Dkk1 is aberrantly expressed in RA-deficient foreguts. In a previous effort to investigate the molecular mechanisms of lung agenesis, we analyzed global transcriptional profiles of mouse embryonic foreguts from a pharmacological and a genetic model of RA deficiency. RA-deficient specimens consisted of E8.5 WT foreguts cultured for 24 hours with the RA receptor antagonist BMS493 (referred to herein as BMS) or E8.5 Raldh2-null foreguts cultured in control medium; both showed lung agenesis. RA-sufficient specimens were either control WT or Raldh2-null foreguts in which lung formation was rescued by exogenous RA (7–9, 11). Among the genes differentially expressed, we found that Dkk1, an endogenous Wnt signaling antagonist, was significantly upregulated in RA-deficient foreguts from both models (BMS model, 3.5-fold, P = 1.46 × 10–9; Raldh2-null model, 2.8-fold, P = 1.95 × 10–8). To confirm this observation, we assessed Dkk1 expression by real-time PCR in RA-deficient and RA-sufficient foreguts and found a highly statistically significant increase in the levels of Dkk1 mRNA in BMS-treated versus untreated control foreguts (P = 0.002; Figure 1A). Consistent with this, we also observed a dramatic increase in levels of Dkk1 in Raldh2-null foreguts compared with the respective null foreguts rescued by exogenous RA (P = 0.0005).
Dkk1 is a target of RA at the onset of lung morphogenesis.
(A) Real-time PCR. Dkk1 upregulation in RA-deficient foreguts (BMS-treated WT and unrescued Raldh2–/–) compared with respective controls (Ctr). (B and C) Dkk1 ISH in WT and Raldh2–/– embryos (12S, top) coimmunostained with Sox2 (bottom), depicting (B) no Dkk1 signals in the foregut (Fg, boxed regions) of WT embryo and (C) strong Dkk1 (blue arrowheads) in both endoderm (red arrowheads, Sox2-labeled brown nuclei) and mesoderm of Raldh2–/– embryo. Original magnification, ×10 (top); ×100 (bottom). (D–I) Reciprocal pattern of Dkk1 expression (D–F, WMISH) and RARElacZ activity (G–I) in the foregut, head, and tail (arrows) in RA-sufficient (D and G, 16S–18S; E and H, 11S–12S), and RA-deficient (F and I, 11S–12S) embryos. (J–M) WMISH of Dkk1 in 24-hour cultured foreguts revealed increased signals in RA-deficient conditions in which the lung failed to form (K and M, asterisks). Below, diagrams depict morphology of each condition after 72 hours. Ht, heart; Lu, lung; St, stomach; Th, thyroid. Scale bar: 450 μm (D–I); 300 μm (J–M).
To learn about the distribution of Dkk1 transcripts in vivo, we performed in situ hybridization (ISH) analysis in embryos prior to and at the onset of lung development. Analysis of E8.5–E9.5 WT embryos revealed Dkk1 signals at restricted sites in the anterior foregut, such as the branchial arches (data not shown), but not in the prospective lung field (Figure 1B; 12 somite-stage [12S]), consistent with previous reports (12, 13). In contrast, Dkk1 expression was strong throughout the foregut of Raldh2–/– mutants at a similar stage (compare boxed regions in Figure 1, B and C). Double ISH (Dkk1) and immunohistochemistry (Sox2, which labels the foregut endoderm) showed that in the absence of RA signaling, Dkk1 was ectopically expressed in both mesodermal and endodermal layers (Figure 1, B and C, bottom).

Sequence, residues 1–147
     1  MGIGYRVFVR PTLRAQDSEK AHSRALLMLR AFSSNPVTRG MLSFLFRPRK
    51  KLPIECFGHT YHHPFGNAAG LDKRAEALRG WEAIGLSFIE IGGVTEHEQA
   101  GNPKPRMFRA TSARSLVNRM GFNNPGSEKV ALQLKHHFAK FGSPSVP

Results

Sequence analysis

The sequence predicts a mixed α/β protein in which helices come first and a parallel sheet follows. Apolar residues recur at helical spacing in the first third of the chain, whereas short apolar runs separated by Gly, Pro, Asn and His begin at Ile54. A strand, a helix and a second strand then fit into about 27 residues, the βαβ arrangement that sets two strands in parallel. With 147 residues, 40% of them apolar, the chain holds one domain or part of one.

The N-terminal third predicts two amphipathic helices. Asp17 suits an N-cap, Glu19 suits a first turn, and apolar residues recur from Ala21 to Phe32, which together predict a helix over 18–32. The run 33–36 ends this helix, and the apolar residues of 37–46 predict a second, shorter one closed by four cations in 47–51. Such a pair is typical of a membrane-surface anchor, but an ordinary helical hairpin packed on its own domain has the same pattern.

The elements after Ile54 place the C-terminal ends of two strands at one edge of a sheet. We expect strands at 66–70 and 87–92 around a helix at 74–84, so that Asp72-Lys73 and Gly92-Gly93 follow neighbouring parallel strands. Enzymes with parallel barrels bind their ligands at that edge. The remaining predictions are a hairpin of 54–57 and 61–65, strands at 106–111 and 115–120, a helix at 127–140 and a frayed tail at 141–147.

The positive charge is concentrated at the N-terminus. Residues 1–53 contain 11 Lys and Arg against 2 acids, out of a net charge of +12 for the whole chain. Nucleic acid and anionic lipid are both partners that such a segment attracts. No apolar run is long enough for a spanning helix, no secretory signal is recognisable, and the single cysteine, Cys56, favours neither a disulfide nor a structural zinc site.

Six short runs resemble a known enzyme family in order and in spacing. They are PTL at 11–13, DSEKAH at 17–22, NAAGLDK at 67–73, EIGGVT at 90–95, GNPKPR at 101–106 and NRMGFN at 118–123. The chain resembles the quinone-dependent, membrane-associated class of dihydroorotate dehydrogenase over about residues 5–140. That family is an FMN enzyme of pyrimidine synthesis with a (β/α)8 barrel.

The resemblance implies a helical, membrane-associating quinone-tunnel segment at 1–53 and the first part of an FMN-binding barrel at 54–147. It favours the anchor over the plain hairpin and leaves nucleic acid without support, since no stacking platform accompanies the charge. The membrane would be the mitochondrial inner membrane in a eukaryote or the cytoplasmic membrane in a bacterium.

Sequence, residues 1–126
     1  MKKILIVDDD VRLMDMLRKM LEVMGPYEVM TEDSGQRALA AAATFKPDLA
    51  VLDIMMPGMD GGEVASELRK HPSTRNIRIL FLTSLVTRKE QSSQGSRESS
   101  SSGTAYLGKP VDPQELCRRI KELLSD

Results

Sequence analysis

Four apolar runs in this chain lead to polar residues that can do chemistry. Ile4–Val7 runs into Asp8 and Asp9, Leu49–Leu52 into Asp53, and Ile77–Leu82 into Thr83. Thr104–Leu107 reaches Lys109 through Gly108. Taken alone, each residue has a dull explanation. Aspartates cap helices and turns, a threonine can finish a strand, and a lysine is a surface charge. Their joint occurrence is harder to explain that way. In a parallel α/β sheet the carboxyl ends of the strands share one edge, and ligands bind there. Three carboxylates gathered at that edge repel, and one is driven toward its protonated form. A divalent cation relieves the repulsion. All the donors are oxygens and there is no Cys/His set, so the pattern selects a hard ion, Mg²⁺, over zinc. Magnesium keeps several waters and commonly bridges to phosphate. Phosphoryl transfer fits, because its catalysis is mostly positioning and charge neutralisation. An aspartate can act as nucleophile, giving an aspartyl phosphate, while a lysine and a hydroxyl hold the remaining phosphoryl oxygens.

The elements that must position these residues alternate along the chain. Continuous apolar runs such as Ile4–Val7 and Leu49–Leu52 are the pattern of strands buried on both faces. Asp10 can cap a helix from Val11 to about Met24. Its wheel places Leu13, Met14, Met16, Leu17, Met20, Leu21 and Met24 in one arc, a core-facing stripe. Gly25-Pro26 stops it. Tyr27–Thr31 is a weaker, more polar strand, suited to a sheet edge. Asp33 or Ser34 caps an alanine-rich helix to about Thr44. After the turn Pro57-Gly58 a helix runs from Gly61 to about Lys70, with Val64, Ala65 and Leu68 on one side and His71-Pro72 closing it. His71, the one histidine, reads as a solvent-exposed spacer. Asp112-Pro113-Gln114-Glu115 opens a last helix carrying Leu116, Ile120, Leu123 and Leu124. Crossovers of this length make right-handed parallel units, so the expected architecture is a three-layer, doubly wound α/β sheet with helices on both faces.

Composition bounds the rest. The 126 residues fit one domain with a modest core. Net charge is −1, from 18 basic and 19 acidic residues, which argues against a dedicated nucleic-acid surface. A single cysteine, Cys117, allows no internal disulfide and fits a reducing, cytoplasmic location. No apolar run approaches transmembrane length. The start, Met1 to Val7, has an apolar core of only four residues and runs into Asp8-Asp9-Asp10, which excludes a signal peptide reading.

To further investigate the relationship between Dkk1 and RA, we compared the patterns of Dkk1 expression by whole-mount ISH (WMISH) and X-gal staining of a RA reporter mouse in vivo under RA-sufficient (RARElacZ) and -deficient (Raldh2–/–RARElacZ) conditions. Interestingly, we found that overall Dkk1 and β-galactosidase were expressed in a reciprocal pattern in the E8.5–E9.5 embryo. For example, in the RA-sufficient embryos, Dkk1 transcripts were strong in the head and tail regions, where RARElacZ was inactive (Figure 1, D, E, G, and H). Conversely, Dkk1 expression was nearly absent in the trunk, including the midforegut region, which showed strong RARElacZ signals (Figure 1, D, E, G, and H, boxed regions). Remarkably, we found widespread increase in Dkk1 expression in Raldh2–/–RARElacZ embryos, an RA-deficient line that carries a copy of the RA reporter transgene, which confirmed the absence of RA activation in most structures (Figure 1, F and I).
Next, we used WMISH to determine how Dkk1 expression was altered in the foregut explants in which we modulated RA signaling in vitro. Figure 1, J–M, depicts Dkk1 expression under the different experimental conditions (top, 24 hours; bottom, corresponding morphological effects at 72 hours, as previously reported; refs. 8, 9, 11). Dkk1 signals were consistently stronger in both endodermal and mesodermal components of BMS-treated WT and Raldh2–/– foreguts than in their respective RA-sufficient counterparts. Dkk1 upregulation was not restricted to the presumptive lung field, but was consistently prominent at this site (Figure 1, J–M, boxed regions). The data strongly suggest that Dkk1 expression is regulated by endogenous RA during foregut organogenesis and that this regulation may be functionally relevant for the emerging lung primordium.
Dkk1 is a direct target of RA in lung mesenchymal cells. To gain insights into the mechanism by which RA influences Dkk1 expression, we investigated a potential direct effect of RA in gene transcription. Analysis of mouse Dkk1 genomic sequences revealed 1 RA-responsive element (RARE) 1,212 bp upstream of the translation start site. The Dkk1 genomic fragment was cloned into a luciferase reporter–containing plasmid and transfected into lung mesenchymal (MLg) cells. These cells are derived from neonatal murine lung; upon RA activation, they show features — such as upregulation of Tgfβ targets and Fgf10 downregulation — that mimic the RA responses of our foregut culture system (11, 14). Consistent with this, real-time PCR analysis of nontransfected MLg cells growing in control medium showed low levels of endogenous Dkk1; levels were further reduced by treatment with RA (Supplemental Figure 1A; supplemental material available online with this article; doi: